Blake Wallace, president of the LCEDD, said on average the smaller counties are seeing up to 90% of their trade dollars leaking out.

“The shoppers are being attracted by some other opportunity, probably one of these regional centers,” Wallace said. “Everyone needs to understand the dynamic that is happening. These are consumer-driven decisions that are making it really tough in places like Stone and Perry counties. A similar trend is being seen across the country. It is even worse in some other areas of the country.”

What can be done? That’s a difficult question to answer. Aggressive shop-at-home campaigns can be launched. Some work; some don’t.

Unfortunately, there can be a snowball effect, too. If stores in small towns aren’t getting enough business and have to shut down, it feeds more growth to regional shopping centers.

Wallace said another factor that hurts is that, more than likely, businesses in small communities don’t have any volume buying abilities, so the price of products locally would be higher than at regional shopping centers.

Apparel and general merchandise consists of the following specific categories: department stores, automatic merchandising, direct selling, general merchandise, men’s and boys clothing, women’s and girls clothing, children’s and infants clothing, shoe stores and apparel accessories.

The study does not cover sales in the other retail groupings such as automotive, machinery and equipment, food and beverage, furniture, lumber and building materials. LCEDD chose apparel and general merchandise as that grouping best represents the bulk of growth in Lamar County. But Wallace and Goodman think it would be interesting to do a similar study for other retail groupings.

Grocery sales can be particularly important.

“If a community starts losing grocery sales, that is really serious,” Goodman said. “If the market is so weak that a grocery store finally closes down, then you’re down to bare bones.”

The size of a community isn’t the only consideration regarding the ability to keep shoppers at home. The distance between a town and a larger regional shopping center can make a difference. For example, Waynesboro has a larger center, Laurel, on one side of it, but no larger centers in three other directions.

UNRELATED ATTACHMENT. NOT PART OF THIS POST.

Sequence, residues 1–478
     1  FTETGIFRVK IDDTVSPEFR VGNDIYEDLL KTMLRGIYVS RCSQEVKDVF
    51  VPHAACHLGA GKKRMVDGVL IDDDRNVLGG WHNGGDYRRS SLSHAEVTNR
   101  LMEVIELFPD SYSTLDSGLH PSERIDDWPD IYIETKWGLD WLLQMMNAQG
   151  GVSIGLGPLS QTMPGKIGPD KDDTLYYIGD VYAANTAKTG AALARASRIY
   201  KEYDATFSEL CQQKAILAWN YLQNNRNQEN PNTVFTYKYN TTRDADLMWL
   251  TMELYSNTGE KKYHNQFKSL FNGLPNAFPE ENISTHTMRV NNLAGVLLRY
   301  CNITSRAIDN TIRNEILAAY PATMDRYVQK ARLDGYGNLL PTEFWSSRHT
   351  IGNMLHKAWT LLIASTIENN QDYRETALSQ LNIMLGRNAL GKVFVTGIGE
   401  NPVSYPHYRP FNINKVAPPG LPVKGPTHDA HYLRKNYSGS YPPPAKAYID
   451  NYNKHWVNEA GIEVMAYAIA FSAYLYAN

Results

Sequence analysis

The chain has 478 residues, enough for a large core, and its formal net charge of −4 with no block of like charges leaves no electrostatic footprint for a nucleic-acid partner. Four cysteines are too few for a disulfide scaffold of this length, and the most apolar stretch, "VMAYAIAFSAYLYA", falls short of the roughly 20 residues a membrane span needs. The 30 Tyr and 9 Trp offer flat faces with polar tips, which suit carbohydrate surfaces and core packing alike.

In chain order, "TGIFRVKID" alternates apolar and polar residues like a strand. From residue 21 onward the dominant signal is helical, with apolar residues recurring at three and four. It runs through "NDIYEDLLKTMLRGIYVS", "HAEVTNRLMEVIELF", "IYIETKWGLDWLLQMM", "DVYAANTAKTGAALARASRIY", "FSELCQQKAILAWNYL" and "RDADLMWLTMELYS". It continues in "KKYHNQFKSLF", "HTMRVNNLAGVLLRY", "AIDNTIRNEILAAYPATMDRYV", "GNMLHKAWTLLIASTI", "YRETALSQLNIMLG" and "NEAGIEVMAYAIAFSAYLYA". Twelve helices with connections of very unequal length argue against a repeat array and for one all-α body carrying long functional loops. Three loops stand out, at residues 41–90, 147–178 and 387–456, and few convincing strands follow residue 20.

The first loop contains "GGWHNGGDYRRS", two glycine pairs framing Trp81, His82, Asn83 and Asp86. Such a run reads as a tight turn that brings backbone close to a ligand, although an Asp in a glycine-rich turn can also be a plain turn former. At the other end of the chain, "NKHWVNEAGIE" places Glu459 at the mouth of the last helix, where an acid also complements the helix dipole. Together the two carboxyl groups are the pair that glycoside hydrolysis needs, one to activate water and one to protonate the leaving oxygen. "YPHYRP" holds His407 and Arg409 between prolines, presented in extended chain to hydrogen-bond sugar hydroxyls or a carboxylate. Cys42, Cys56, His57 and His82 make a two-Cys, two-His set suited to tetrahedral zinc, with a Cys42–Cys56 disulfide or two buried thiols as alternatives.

“So they pull in an exceptional amount of sales for a community of their size,” Goodman said. “Their pull factor is actually increasing. It isn’t simply being a small community that you don’t succeed and experience leakage. Other factors include your location relative to one of the major regional shopping areas.”

Wallace adds that another factor can be termed “critical mass”. If a small town has enough variety of different things such as restaurants, banks, and stores, people won’t feel as great a need to travel farther away regularly to shop.

Wallace and Goodman believe the state would benefit from mapping retail sales trends to identify clusters. That would help, for example, with transportation planning to avoid traffic congestion coming into the area. They add that the same information would be valuable for communities when applying for grant funds. A lack of sales tax rebates could be a greater incentive to provide a community with grant funds for support.

The information could also be a wake up call to some of the larger areas losing shoppers such as Hinds County.

“Hinds County had 137,000 fewer shoppers in apparel and general merchandise than it had 20 years ago,” Wallace said. “That’s a lot of dollars for Hinds County to be losing.”

Contact MBJ staff writer Becky Gillette at mullein@datasync.com or (228) 872-3457.